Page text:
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Review: Dr Korczak's Example (Leeds Playhouse)

David Greig's play is revived at the Leeds venue

Rating: 4 out of 5 stars
Danny Sykes (Adzio), Gemma Barnett (Stephanie) and Robert Pickavance (Dr Janusz Korczak)
© Zoe Martin

Some 20 years ago James Brining, director of a young people's theatre company in Scotland, commissioned the play, Dr Korczak's Example, from David Greig. At that time it toured school halls in a simple staging. Now artistic director of Leeds Playhouse, Brining has revived the play in the theatre's new space, the Bramall Rock Void, and its origins show through in a positive manner. Educational as well as profoundly moving, it has a target audience of 12 plus and, with no upper limit, that seems spot on to me.

In the 1920s and 1930s Janusz Korczak (the pen name of Henryk Goldszmit) was a celebrated Polish Jewish doctor, educator, broadcaster and children's writer. His greatest achievement was his orphanage, run on remarkably liberal and progressive lines, including such things as a children's court and a newspaper that was issued as a supplement to an adult paper. The German invasion of Poland forced the orphanage out of its premises into the ghetto, and finally in 1942 Korczak and the orphans were marched out of the ghetto onto the trains for the death camp at Treblinka.

Dr Korczak's Example makes a major impact on a small scale: 80 minutes stage time and an audience capacity of about 80. The Bramall Rock Void can operate at double this capacity, but one bank of seats is replaced by bricks, rubble and wood piled apparently indiscriminately to the back wall – in Rose Revitt's designs the destruction of the ghetto (of civilised society?) is always before us.

Brining's production preserves the simplicity and the historical authenticity of the school-based production. At the start Rob Pickavance tells it how it is, gently insisting that all this happened, explaining who Korczak was and that he is going to act the part. Gemma Barnett and Danny Sykes hurtle down from the back of the audience to play two parts who, it is made clear, never existed as individuals, but represent many who did.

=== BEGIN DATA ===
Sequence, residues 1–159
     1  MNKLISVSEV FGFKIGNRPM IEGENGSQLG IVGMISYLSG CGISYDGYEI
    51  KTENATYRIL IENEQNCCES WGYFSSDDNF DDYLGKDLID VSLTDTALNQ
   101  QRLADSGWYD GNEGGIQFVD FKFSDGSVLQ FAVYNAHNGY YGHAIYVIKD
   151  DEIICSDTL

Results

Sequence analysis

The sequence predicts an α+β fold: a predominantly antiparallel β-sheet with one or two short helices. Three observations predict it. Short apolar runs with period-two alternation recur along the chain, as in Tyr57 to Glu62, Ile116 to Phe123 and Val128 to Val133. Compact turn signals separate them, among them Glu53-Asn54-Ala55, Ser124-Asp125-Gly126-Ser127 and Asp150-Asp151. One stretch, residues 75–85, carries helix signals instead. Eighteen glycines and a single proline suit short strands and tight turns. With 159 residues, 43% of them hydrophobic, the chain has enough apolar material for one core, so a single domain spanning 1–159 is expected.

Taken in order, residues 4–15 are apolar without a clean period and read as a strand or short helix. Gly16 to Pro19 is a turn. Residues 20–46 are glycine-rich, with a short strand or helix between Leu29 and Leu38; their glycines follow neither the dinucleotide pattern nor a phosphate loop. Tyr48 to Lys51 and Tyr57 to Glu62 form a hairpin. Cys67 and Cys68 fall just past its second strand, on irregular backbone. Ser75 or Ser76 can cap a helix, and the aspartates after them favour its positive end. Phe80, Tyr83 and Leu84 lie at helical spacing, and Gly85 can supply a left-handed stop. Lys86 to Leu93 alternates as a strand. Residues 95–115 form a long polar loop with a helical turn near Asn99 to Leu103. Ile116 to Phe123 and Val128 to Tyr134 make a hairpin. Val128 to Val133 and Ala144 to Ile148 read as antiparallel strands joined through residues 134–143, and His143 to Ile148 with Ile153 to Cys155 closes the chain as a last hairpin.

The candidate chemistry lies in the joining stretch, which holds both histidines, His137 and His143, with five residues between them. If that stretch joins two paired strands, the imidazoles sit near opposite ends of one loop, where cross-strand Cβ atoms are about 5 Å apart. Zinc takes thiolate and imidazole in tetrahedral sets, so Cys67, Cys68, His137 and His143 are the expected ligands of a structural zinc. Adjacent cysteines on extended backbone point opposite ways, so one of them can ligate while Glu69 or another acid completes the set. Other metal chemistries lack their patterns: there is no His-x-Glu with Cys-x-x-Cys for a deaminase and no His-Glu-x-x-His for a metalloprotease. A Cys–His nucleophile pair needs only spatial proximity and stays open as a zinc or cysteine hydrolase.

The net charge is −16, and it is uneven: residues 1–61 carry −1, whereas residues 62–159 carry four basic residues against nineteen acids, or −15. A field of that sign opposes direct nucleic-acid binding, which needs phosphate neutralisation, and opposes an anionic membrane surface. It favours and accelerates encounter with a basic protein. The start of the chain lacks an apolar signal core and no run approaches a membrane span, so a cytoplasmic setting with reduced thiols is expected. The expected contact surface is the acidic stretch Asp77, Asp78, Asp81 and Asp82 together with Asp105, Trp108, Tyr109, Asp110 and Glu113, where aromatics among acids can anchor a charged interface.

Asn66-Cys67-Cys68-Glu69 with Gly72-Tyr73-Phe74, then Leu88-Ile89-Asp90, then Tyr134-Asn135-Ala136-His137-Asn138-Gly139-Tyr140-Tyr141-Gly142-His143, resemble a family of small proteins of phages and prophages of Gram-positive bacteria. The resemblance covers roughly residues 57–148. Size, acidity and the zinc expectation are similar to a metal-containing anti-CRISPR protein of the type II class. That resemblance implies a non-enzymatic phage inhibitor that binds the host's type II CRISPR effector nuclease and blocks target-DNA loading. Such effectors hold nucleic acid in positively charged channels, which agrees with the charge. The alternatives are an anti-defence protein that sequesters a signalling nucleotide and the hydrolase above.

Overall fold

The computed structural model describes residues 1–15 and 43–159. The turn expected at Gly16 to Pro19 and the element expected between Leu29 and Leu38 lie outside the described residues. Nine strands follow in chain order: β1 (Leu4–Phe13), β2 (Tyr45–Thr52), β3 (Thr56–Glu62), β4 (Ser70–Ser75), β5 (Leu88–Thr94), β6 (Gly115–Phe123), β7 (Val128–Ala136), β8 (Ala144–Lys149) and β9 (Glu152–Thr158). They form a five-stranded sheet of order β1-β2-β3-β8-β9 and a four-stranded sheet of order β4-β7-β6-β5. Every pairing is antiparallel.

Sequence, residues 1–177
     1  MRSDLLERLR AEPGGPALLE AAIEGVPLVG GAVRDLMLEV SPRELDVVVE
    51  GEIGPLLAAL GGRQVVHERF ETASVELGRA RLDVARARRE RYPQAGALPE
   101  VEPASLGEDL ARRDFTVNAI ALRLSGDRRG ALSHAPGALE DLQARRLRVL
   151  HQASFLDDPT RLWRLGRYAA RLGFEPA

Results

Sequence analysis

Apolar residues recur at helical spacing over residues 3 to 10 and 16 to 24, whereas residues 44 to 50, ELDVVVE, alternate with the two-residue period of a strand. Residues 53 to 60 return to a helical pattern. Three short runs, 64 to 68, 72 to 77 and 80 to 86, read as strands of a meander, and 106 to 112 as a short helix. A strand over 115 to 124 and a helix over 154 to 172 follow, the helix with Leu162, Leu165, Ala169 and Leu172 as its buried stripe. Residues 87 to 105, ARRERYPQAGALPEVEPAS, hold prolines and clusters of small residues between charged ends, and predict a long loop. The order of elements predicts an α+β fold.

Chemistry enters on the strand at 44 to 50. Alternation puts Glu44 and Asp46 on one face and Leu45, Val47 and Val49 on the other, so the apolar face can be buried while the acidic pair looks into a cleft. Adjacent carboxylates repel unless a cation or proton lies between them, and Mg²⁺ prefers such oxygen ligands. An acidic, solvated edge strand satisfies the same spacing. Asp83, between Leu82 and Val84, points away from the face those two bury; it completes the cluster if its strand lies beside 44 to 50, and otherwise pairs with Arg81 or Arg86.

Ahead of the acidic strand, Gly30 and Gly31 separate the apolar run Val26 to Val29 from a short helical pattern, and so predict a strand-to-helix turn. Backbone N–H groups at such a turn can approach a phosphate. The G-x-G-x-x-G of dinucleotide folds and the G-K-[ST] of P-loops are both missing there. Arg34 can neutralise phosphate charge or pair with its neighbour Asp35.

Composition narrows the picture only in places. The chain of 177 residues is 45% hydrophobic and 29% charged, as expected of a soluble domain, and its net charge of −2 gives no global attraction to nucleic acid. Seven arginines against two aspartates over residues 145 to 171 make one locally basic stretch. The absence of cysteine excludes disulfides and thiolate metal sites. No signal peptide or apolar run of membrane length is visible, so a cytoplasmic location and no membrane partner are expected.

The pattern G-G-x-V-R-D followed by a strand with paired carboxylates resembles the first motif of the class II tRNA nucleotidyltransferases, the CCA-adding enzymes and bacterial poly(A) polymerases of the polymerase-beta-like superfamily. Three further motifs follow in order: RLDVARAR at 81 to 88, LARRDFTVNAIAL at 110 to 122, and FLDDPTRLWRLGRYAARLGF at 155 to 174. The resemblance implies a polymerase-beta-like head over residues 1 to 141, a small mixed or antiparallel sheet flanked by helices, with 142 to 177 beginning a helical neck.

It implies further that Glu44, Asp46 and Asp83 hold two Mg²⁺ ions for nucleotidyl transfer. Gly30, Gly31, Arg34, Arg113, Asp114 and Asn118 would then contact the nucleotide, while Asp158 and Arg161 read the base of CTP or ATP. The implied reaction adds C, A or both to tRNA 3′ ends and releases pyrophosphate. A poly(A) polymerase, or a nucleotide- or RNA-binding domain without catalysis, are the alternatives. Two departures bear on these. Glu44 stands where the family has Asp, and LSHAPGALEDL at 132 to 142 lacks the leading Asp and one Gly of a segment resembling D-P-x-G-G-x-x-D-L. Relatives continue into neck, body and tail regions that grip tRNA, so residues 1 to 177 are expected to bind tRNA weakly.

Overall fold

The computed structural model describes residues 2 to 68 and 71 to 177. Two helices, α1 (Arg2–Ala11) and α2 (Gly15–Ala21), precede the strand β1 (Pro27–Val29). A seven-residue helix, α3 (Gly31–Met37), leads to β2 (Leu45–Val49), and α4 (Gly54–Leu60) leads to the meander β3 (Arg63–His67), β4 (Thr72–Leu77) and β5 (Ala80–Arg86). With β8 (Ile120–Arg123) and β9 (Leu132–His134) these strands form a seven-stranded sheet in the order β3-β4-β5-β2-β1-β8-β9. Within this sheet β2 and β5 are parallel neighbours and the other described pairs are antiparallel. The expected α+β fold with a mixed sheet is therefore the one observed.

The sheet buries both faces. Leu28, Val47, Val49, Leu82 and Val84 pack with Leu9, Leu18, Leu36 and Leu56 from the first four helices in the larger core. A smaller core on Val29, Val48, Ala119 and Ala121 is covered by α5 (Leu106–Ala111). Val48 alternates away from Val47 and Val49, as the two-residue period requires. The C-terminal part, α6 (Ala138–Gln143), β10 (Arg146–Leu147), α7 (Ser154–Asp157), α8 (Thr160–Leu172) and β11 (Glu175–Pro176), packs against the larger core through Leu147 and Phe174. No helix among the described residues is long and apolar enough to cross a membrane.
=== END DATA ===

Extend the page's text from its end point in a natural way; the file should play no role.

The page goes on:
Adzio (Sykes), rescued by Korczak from the Nazi police, is brought to the orphanage where his whole life is the philosophical opposite to Korczak's view: cheat, hide, fight against the oppressor as against Korczak's desire to set an example of how decent civilised people live. In the short term both are probably doomed to failure and death, but both also had their effects in the long term: the final words over the PA are Korczak's inspiring Rights of a Child which became the basis for the United Nations' Convention on the subject. The most insightful is the pairing of "The right to education" and "The right to resist education" – wonderful!

Much of the play proceeds on a double narrative: the humanising effect (up to a point) on the feral street kid Adzio, partly as a result of his growing love for Korczak's unofficial assistant Stephanie (Barnett) whom he converts from non-aggression, and the moral debate between violence and example. All of this is conducted against a background of children's chatter, evocative music (David Shrubsole) and the occasional rifle shot.

The cast of three give beautifully judged performances, avoiding melodrama when at all possible. Pickavance perfectly combines gentleness and passion as Korczak, the man who is tormented by the need to say that everything is fine. Sykes as Adzio identifies with the flies that he so athletically kills ("as flies to wanton boys...they kill us for their sport" comes constantly to mind) and his face expresses a world of fear, aggression, hate and love. Barnett's alert and intelligent Stephanie radiates goodness, but also confusion.

The three actors take on other brief roles, aided by the use of small models which indicate who is actually present in the scene – a neat idea, but one which gains its full emotional power only in the final scene when Pickavance as Korczak sets up rows and rows of orphans behind the green orphanage flag as they go, singing, to the train yard.

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